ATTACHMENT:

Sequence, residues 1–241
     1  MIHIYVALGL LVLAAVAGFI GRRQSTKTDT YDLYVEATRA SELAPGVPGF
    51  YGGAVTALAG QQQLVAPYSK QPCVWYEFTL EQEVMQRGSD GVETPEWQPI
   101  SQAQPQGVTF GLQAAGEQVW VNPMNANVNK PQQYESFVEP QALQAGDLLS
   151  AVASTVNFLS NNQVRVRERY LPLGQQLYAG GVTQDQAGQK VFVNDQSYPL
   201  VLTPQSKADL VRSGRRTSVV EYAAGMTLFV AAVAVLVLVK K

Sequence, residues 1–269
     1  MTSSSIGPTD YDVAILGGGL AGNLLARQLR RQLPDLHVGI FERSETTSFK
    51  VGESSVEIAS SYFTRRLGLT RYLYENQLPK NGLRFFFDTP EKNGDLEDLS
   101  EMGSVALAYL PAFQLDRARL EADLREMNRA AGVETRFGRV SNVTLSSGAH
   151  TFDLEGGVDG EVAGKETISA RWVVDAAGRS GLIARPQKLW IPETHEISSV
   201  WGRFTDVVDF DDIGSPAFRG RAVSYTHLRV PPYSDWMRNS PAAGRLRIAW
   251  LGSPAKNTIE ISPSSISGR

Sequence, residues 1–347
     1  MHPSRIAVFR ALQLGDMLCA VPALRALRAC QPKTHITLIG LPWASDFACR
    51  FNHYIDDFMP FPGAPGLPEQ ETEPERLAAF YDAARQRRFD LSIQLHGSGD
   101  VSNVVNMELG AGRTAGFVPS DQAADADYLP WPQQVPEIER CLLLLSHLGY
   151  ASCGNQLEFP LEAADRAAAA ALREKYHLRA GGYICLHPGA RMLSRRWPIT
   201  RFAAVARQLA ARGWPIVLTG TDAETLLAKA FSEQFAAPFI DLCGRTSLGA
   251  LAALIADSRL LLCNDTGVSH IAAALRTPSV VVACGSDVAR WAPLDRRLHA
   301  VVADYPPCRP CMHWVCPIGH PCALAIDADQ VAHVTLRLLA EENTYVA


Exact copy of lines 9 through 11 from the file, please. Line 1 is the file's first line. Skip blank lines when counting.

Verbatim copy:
    51  VGESSVEIAS SYFTRRLGLT RYLYENQLPK NGLRFFFDTP EKNGDLEDLS
   101  EMGSVALAYL PAFQLDRARL EADLREMNRA AGVETRFGRV SNVTLSSGAH
   151  TFDLEGGVDG EVAGKETISA RWVVDAAGRS GLIARPQKLW IPETHEISSV